Panoramic pipe inspection technology has taken the process of inspecting sanitary sewer, storm sewer and water pipes to new dimensions, providing a 360-degree look at inside pipe surfaces and detailed information a step further past the capabilities of conventional pan-and-rotate inspection cameras and equipment.
Interactive Pipe Inspection (IPI) has been providing panoramic pipe inspection and assessment services for two years to engineers, municipalities and utility owners in the water and wastewater industries. Collected digital data is processed through various software applications and delivered in digital report format, along with a printed executive report and job summary.
The ability to provide engineers and municipalities with measurable data is a major benefit of the panoramic technology, said Bryce James, IPI manager.
“IPI’s pipe inspection system uses dual-mounted, high resolution cameras with wide angle lenses that can inspect pipelines eight-inches in diameter and larger at the rate of 14 inches per second,” James said.
Panoramic manhole inspections
Now IPI has brought the panoramic inspection process to manhole inspections, said James.
Until recently, James said, most manhole inspections have been made visually from the surface or by man entry, a time-consuming and dangerous confined-space task.
“IPI’s 360-degree manhole inspections speed the process by eliminating the need to take notes during visual inspections for use in preparing reports,” he said. “Data is collected at a rapid pace with pictures taken every two inches as the cameras move upward through the manhole. Typically a manhole inspection is completed in five to 7 minutes, making it possible for a crew to inspect many manholes in a work day.”
For manholes 16 inches and greater in diameter, IPI uses the Ibak Panaramo SI 3D Optical Manhole Scanner employing high-resolution digital cameras with specially designed, distortion-free wide angle lenses.
“The cameras optically scan the entire interior of the manhole in a few seconds in one single vertical run,” James explained. “The image data is transmitted digitally to the inspection van and is at the operators disposal as a live picture for orientation purposes and available as a panoramic ‘film’ of the whole manhole.”
On-the-spot analysis is possible, but most often assessments are made in the office by specialists.
“Unlike a video tape from a conventional pan and rotate camera which only shows the section of view saved at the time of taping, the Ibak Panaramo SI viewer software provides an all-round inspection of the manhole, just as if the inspector were on site with a pan and rotate camera,” said James. “At a desk with a computer and mouse, the user can stop at any position in the manhole, do a 360 degree pan, zoom, perform an image capture and complete the analysis data.”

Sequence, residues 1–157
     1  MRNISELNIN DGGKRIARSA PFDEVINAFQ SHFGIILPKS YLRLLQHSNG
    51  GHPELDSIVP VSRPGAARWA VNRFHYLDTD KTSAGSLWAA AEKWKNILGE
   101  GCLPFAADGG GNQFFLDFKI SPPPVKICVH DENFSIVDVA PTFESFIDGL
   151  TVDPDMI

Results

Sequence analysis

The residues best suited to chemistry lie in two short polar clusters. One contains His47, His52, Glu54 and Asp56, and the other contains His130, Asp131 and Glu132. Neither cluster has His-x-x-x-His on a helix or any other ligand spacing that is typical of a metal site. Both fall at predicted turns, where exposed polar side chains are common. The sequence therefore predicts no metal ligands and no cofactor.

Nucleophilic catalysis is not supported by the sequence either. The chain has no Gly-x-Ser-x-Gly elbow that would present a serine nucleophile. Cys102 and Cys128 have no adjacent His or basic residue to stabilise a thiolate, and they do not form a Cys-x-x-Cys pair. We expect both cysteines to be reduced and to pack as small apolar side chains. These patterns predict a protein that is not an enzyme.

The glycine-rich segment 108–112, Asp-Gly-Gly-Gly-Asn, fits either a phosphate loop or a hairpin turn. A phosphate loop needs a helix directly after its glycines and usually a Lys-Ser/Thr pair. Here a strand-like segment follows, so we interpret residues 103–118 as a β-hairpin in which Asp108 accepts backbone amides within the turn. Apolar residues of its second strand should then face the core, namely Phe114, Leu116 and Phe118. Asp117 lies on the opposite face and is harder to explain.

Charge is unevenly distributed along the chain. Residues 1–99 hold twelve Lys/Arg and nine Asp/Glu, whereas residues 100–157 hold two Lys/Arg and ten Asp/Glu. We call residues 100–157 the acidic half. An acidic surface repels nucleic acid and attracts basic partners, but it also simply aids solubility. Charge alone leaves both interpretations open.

Simultaneously, an unfolded view of the inner surface of the manhole can be generated which gives a rapid overview of the condition of the structure and enables the user to measure the position and size of objects with the aid of a computer.
Panoramic pipe inspections
For inspections of pipes eight inches in diameter and larger, IPI uses the 3D Optiscanner with thes Ibak Panaramo Rapid View camera inspection system also employing dual-mounted, high-resolution cameras with wide angle lenses. Parallel mounted xenon flashlights are triggered when cameras are activated. Scanned pictures are put together to form 360 degree spherical images. The scanning process can be accomplished both in forward and in reverse directions. As with manhole inspections, image data is transmitted digitally to the inspection van and is available to the operator and saved as a panoramic picture of the entire pipeline and viewer software permits in-the-office inspection of the section of pipe with the same capabilities described for utilizing manhole data.
For long-range pipe inspections, IPI uses the Inuktun VT300 Versatrax crawler/camera system with multi-sensor capability. The system is capable of inspections to distances of 7,000 feet, reducing logistics and deployment time.
“This system,” said James, “has three on-board video cameras with high-intensity LED lighting, can be outfitted with multiple sensors and can be used on round or flat surface applications at a speeds of up to 30 feet per minute. In pipe 12 inches in diameter and larger, sensors in addition to CCTV can be added. Laser scans are used to produce ovality and radius reports for sliplining. A sonar sensor typically is used for fully submerged pipes and siphons. However, underwater laser is one of the newest sensors for providing measurable data in fully-submerged pipes. H2S gas monitoring sensors can be combined in the same inspection, deployed on the same platform, and can be combined in the same inspection deployed on the same platform, and can provide multiple reports from the same footage location not visible to the human eye.”
ITpipes software from Infrastructure Technologies (IT) provides comprehensive asset inspection management tools for water, wastewater and storm systems, including analysis and reporting, report visualization and distribution. IPipes GIS module allows planning and execution of projects using customer-supplied GIS maps.
Based in Turnwater, WA, Interactive Pipe Inspection was established in 2009 as a corporation specializing in advanced technology applications for the inspection of underground pipe systems to multi-national markets. IPI began as a division of Pipe Experts LLC, a leader in trenchless technology for more than 30 years, said James.
FOR MORE INFO:
Interactive Pipe Inspection, (800) 850-3053, http://ipi-pipe.com/